What We’ve Learned from Supporting Hybrids (and what this means for EVs)

Interest and adoption of alternative fuel vehicles has never been higher. In 2023, there were 1.2 million electric vehicles sold in the US, accounting for 7.6% of new cars sold, and this number is expected to exceed 10% this year. However, as new EV drivers navigate challenges  with charging, technology and expectations, more buyers are turning to hybrids. Hybrid vehicles have both an internal combustion engine and an electric motor but only accept gasoline as fuel. While plug-in hybrids can accept both gasoline and an electric charge. In fact, 2023 hybrid vehicle sales hit a record high with over 1 million vehicles sold plus another 148K plug-in hybrid sales. With more than 25 years of experience in hybrid support, we lead the industry in understanding the needs of hybrids and how best to support them.

New technology adoption can be hard (and confusing), plus uncertainty and fear of unexpected costs can cause friction.

Today, most drivers are comfortable with hybrids and according to a recent survey, the reliability is considered the highest of all drivetrains. However, when hybrids were first introduced there was uncertainty and confusion associated with these models. They were different - they made almost no noise when running in electric mode which some viewed as a safety issue. They typically got better mileage in city streets instead of highway driving, the opposite of combustion engines. They also included new to market features, in a lower price point vehicle, like smart keys. Did you know that this all was so novel at the time that vehicles included a set of instructions that could be handed to a valet or guest driver?

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There were also tremendous concerns about the hybrid battery including how long it would last and how much it would cost to replace. There are still concerns to this day around servicing. Many mechanics are less familiar with the technology and less comfortable. However, despite this friction, initial feedback was overwhelmingly positive, leading to long wait lists, above-sticker pricing and even adoption in Hollywood circles. If this all sounds familiar, it's because EVs are following a similar path. 

All roadside assistance requires technology, scale and network but each new tech introduces its own twist.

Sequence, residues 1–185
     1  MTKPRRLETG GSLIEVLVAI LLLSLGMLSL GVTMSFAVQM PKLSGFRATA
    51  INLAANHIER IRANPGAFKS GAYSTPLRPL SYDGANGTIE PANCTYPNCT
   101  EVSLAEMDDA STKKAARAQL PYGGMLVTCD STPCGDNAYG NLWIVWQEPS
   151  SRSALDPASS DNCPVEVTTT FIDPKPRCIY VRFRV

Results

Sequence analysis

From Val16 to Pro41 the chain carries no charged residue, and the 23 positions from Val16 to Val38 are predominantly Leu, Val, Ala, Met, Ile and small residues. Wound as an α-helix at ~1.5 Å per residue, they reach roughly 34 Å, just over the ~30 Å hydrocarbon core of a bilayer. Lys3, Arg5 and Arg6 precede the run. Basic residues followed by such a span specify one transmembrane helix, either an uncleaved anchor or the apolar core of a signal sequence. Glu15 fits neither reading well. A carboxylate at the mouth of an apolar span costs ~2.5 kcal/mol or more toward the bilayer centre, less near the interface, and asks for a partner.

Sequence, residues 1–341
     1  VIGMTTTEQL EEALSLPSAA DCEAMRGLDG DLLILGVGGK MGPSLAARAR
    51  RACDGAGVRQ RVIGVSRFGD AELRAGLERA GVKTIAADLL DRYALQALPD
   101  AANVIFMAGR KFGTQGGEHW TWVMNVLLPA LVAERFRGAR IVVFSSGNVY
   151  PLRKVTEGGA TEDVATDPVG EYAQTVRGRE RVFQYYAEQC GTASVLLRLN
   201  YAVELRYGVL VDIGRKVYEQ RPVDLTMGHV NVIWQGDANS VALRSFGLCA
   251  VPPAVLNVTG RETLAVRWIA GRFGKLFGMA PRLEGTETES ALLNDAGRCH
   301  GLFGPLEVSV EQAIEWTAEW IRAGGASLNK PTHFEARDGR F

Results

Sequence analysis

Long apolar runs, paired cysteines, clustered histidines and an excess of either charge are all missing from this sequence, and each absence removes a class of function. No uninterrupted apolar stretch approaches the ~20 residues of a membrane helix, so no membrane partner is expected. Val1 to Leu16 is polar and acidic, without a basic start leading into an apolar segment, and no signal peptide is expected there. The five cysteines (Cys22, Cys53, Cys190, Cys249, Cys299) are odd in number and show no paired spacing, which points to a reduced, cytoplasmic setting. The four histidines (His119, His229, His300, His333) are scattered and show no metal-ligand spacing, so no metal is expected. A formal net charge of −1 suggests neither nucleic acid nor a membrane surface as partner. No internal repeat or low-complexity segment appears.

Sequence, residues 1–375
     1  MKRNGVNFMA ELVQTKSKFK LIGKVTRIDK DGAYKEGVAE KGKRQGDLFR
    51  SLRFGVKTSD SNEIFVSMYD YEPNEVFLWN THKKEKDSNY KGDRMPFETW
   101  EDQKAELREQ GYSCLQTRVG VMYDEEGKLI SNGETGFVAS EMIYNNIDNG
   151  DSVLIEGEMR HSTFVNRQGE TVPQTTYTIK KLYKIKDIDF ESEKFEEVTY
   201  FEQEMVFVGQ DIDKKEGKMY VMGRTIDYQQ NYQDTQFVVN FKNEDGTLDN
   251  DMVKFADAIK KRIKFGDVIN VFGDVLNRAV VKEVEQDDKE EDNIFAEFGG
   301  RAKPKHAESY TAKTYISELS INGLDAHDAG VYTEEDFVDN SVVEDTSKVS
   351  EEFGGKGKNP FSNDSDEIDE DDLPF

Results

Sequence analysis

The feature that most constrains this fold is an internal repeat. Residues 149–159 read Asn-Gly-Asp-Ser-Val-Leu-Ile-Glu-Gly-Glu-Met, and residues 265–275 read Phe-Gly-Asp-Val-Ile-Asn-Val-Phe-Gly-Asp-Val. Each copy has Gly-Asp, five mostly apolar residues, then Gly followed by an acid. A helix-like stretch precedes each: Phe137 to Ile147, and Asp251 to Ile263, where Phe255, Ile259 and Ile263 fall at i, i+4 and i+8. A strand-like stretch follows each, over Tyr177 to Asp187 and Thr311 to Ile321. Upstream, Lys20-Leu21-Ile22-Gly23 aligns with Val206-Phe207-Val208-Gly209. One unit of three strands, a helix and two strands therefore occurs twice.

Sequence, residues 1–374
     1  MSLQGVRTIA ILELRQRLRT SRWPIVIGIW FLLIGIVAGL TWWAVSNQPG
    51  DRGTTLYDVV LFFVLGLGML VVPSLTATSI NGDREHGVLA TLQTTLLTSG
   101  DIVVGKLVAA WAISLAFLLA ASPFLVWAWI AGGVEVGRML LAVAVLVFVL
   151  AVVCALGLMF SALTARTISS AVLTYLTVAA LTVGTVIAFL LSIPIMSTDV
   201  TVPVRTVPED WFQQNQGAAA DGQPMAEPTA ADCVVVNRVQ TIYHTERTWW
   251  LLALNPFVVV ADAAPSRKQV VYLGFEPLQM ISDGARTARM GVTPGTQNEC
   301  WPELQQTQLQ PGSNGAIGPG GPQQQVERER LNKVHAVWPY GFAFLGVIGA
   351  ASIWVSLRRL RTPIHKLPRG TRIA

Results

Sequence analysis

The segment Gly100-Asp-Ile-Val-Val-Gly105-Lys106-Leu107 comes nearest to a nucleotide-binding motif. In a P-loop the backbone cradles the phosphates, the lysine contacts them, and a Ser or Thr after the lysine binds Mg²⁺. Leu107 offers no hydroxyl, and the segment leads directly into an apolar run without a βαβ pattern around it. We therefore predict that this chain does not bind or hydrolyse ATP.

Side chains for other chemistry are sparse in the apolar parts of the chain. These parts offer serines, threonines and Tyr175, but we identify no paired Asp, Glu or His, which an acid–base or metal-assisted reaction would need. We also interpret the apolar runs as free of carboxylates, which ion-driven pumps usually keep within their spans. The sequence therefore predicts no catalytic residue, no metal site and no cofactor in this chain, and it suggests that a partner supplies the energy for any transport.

First - there’s frequency. Drivers of alternative fuel vehicles report challenges with their vehicle more often than those with conventional combustion engines (ICE), about 15% more for both hybrids and electric vehicles. (Agero Consumer Benchmark 2023). 

Second - customer experience. With any new process, there are unknowns which can lead to delays and impact customer experience. Today,  the roadside experience for EV drivers lags behind as new needs are identified and new services defined. We’ve taken our learnings from 25 years of hybrid support and applied it to our EV strategy. In the past year, our clients that have invested in the electric experience have seen their EV NPS climb more than 10% and meet or even exceed the experience of their ICE customers.

Third - types of events. The big difference between hybrid support and ICE is the battery jump. The batteries typically used in hybrids (and EVs) are smaller and lower in capacity when compared with ICE vehicles. In addition, they are cycled more often in the course of operating the vehicle and this shortens the battery life. All this means that the likelihood of a dead battery on a hybrid is higher and this is reflected in our roadside data - there are nearly 40% more battery jumps for hybrids. 

For EVs, the big difference is the tires.  Tows are required for flat tires 2-3X more often than with ICE vehicles. This is primarily because most EVs don't have a spare, which turns a simple tire change can turn into a lengthy tow. Agero is exploring innovative new solutions to help address this and other EV needs. 

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We’ve helped turn hybrids from “new” into “most reliable” - and we’ll help do the same for EVs.

Today, hybrid vehicles are considered the most reliable vehicles and their roadside needs and services are well understood, leading to a strong customer experience which is comparable to ICE events. However, electric vehicles are still relatively new, and their roadside needs are as well. But by working with our clients and their customers to structure the right support, we’ve made significant strides in delivering the electric vehicle experience - and we are just getting started! Through provider training, new services and built-in expertise, we will elevate the EV experience just as we did with hybrids.

Learn more about our EV offerings

 

 
 

Meet the Author: Dan Reimel - Roadside Product Lead

Dan Reimel is the Roadside Product Lead at Agero. He oversees core roadside product management, including development of novel services to meet changing vehicle needs. Dan joined the team in 2022. Prior to Agero, Dan spent more than 10 years in product management and customer experience at leading luxury automotive brands. In his spare time, Dan enjoys traveling to new places, cooking, outdoor sports, and hiking with his dog Henry. Dan has a BS from Ramapo College of New Jersey.
 
 

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